Amplifier - Archives

Friendship For a (Service) Fee: Ticketmaster Wants to Be Facebook

Amplifier

View photo

.

Like its buddy the music industry, the touring business did not have the most profitable year in 2010. In fact, it was a pretty lousy stretch for Live Nation Ticketmaster, as many of its marquee acts either postponed entire tours (U2, Christina Aguilera) or canceled select shows (Rihanna, the Jonas Brothers) due to vague illnesses or scheduling conflicts (code words for "poor ticket sales"). Next year is thankfully shaping up to be a better one for the touring faction: Lady Gaga and U2 are coming back around, instant sell-outs like Radiohead, Coldplay and Kanye West are due for U.S. treks and, most importantly, Ticketmaster is incorporating social networking features into its site! That's right, Live Nation Ticketmaster, the publicly reviled concert giant that over a year after its merger still can't launch one uniform site, is going all Facebook on ticket buyers.

As Ticketmaster CEO Nathan Hubbard tells it, "The concept is simple: instead of letting your friends know you've purchased tickets by calling or emailing them, start sharing simply by clicking the 'Attending' button right after you've purchased. Even cooler -- you can go to the Dave Matthews or Boston Celtics page and see who's going... interact with the emerging community around events that is taking shape on our site -- stuff like reviews, fan photos, and now the profiles and interests of fans like you. We intend to dazzle you with how we make social part of the fabric of our site." Or discuss how awesome last night's Trans-Siberian Orchestra show was, or commiserate with your fellow consumers about Ticketmaster's excessive service charges. Consider us "dazzled."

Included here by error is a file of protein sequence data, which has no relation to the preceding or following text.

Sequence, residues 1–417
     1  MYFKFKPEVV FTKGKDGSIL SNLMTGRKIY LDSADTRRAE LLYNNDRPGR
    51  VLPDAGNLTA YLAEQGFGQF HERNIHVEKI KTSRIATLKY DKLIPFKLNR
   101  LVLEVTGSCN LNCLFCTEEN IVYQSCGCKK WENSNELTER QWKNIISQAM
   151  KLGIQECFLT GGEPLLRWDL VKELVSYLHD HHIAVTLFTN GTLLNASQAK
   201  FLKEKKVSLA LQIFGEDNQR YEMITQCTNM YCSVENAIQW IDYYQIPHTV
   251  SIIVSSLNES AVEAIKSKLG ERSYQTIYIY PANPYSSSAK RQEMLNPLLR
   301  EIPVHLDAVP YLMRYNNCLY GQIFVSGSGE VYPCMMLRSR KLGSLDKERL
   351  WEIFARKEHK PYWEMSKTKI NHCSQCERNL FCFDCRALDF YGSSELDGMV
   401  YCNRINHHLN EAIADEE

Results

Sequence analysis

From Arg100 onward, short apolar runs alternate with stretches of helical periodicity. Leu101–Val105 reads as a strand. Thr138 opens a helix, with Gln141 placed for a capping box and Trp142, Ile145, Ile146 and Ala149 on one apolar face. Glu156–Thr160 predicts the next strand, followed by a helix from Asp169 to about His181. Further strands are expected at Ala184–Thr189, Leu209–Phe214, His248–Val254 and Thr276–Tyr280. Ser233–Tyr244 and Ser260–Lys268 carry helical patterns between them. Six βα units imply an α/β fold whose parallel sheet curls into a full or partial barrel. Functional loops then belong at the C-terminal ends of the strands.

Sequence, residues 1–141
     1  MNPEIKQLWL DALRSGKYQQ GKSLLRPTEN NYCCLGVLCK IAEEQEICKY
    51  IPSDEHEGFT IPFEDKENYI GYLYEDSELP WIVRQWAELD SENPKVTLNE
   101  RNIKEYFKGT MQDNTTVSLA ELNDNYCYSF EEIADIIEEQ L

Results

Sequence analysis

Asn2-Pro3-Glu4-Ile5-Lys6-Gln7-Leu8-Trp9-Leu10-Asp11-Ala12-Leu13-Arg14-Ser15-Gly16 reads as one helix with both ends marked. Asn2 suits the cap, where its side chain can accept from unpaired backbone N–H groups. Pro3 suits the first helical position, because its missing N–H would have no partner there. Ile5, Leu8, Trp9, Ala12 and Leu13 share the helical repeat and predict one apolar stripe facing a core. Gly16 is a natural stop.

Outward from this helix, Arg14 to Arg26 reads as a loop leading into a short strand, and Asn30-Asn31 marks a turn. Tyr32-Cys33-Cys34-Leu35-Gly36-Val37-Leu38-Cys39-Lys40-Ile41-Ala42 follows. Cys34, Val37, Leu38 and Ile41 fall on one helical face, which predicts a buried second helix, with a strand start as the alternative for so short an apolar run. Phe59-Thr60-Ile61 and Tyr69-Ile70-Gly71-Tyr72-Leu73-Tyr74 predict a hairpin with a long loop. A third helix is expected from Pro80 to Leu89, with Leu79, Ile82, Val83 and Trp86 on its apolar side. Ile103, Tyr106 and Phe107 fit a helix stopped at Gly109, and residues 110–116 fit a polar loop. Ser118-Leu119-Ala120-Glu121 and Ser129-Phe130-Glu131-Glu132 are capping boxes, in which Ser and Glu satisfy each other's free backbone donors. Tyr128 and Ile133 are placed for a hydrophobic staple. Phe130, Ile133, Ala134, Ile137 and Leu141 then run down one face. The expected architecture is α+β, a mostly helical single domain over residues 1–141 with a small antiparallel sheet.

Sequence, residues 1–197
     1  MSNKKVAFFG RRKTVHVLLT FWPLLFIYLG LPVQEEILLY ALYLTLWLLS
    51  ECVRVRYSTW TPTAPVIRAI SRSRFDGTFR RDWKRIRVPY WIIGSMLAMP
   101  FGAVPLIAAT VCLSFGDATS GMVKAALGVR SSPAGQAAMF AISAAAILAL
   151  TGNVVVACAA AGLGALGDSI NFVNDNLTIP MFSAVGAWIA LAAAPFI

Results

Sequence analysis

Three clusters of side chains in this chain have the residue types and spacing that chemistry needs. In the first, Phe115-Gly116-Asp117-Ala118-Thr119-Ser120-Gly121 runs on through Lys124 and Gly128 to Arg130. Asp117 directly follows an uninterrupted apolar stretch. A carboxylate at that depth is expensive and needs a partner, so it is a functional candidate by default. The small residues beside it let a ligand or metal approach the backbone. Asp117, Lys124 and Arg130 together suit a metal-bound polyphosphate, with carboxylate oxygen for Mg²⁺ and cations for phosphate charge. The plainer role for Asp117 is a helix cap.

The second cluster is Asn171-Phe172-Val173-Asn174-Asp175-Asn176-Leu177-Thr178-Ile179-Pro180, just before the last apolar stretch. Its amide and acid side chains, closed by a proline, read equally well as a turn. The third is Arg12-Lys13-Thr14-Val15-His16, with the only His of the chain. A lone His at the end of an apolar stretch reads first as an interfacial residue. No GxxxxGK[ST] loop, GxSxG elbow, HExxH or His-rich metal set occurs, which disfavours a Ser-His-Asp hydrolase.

The Amp spent 10 minutes today on Ticketmaster in a failed attempt to get tickets for Kanye West's surprise Bowery Ballroom concert tonight, and considering those tix sold out in less then 30 seconds, that was nine-and-a-half minutes too long spent at the Ticketmaster site. No social features will change the fact that people will only visit Ticketmaster to buy tickets. Apple went a similar route when they revealed the social-minded Ping feature on iTunes, and months after the Ping launch we still haven't encountered anyone that uses it consistently. Facebook might have finally usurped Google in web traffic, and "The Social Network" is probably going to dominate the Oscars, but it's become clear that these social features isn't the answer the music and concert industries are looking for.

View Comments